I read Superintelligence: Paths, Dangers and Strategies by Nick Bostrom in the last few months. It’s a very influential book about superintelligent AI (meaning AI that’s far smarter than the most gifted human) and the dangers it poses to us.
One thing that the book made clear to me is how unimaginably superior to us a superintelligent AI would be, and how much of an impact it would have on normal life.
Let’s assume a human scientist makes 10 major breakthroughs in their career of 40 years (optimistic!) and that we’re able to build an AI that is just as intelligent as this scientist while running on a MacBook Pro. Then, just by running the AI on a (slow) supercomputer that’s only a 100 times faster than your laptop, the AI would make a 1000 major breakthroughs over 40 years. The progress that could be made just by reaching human intelligence is crazy. Humans require sleep, off-time and much else, while the AI could theoretically work 24/7 without needing rest. We could also run multiple AIs in parallel and let them collaborate.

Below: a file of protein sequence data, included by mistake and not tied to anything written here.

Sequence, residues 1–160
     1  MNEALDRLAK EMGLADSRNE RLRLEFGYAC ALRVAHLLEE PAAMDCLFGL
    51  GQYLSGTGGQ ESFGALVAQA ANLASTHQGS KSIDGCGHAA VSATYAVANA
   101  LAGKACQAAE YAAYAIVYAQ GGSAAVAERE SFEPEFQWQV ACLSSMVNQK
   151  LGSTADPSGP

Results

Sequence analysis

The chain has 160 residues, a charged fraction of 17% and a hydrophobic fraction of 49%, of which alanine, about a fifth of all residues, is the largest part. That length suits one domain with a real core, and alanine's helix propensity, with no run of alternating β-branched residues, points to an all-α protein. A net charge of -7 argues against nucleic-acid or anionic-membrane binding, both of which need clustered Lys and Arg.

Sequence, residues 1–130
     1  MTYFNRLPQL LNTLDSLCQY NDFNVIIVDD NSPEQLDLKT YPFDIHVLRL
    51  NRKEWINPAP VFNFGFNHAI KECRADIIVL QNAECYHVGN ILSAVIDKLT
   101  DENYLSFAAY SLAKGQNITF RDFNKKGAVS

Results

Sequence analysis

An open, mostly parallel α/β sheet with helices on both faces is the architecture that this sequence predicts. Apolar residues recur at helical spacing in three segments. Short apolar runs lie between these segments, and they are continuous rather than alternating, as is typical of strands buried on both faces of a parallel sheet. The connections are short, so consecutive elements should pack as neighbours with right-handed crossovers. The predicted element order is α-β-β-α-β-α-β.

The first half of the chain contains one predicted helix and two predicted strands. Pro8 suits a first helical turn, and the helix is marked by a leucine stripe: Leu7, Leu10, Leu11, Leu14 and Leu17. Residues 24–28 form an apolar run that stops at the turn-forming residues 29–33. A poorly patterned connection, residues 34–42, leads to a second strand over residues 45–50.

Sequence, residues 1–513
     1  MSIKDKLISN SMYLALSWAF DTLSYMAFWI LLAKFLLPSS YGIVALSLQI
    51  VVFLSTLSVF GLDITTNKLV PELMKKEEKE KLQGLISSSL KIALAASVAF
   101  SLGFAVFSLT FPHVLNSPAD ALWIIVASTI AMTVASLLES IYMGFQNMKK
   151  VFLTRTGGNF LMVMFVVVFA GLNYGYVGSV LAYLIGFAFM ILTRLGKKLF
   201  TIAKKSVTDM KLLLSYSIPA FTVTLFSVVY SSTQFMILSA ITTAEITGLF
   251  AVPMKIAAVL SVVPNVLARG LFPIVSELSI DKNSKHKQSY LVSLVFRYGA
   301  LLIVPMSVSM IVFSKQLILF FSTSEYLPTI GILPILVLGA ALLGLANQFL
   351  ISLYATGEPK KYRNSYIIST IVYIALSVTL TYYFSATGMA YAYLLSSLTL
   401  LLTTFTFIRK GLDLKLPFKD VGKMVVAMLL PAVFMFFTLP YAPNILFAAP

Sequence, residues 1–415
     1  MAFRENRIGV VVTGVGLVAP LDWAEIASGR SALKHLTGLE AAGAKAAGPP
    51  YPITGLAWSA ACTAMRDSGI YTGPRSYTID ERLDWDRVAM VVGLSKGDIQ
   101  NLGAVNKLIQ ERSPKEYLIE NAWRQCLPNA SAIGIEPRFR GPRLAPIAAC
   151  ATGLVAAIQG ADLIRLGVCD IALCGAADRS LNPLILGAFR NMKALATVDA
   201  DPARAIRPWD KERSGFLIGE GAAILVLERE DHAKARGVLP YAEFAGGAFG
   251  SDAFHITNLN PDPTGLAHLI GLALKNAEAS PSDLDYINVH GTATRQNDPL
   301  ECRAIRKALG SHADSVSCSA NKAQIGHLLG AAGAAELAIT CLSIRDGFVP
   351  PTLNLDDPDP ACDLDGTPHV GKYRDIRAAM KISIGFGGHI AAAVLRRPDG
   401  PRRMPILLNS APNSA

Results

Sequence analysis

And this is just human level AI.
Now, note that if we somehow build an AI that’s qualitatively more intelligent than any human, it proves that the AI should, in turn, be able to build another AI that’s qualitatively more intelligent than itself. The logical conclusion to this process is an exponential explosion in qualitative intelligence that’s not even possible for us to imagine. If the process is allowed to run free, it leads to an AI in front of whom we’re just apes, or possibly even lesser. There’s no real way to imagine what such a resource could help humanity with. All our hardest problems could be high school mathematics for it.
There has been lots of progress in AI recently, with models like GPT-3 and DALL-E 2 doing things that were considered impossible for computers to do just a few years ago. It’s exciting to think of where this will lead us, even though there are dangers that we don’t know how to avoid.
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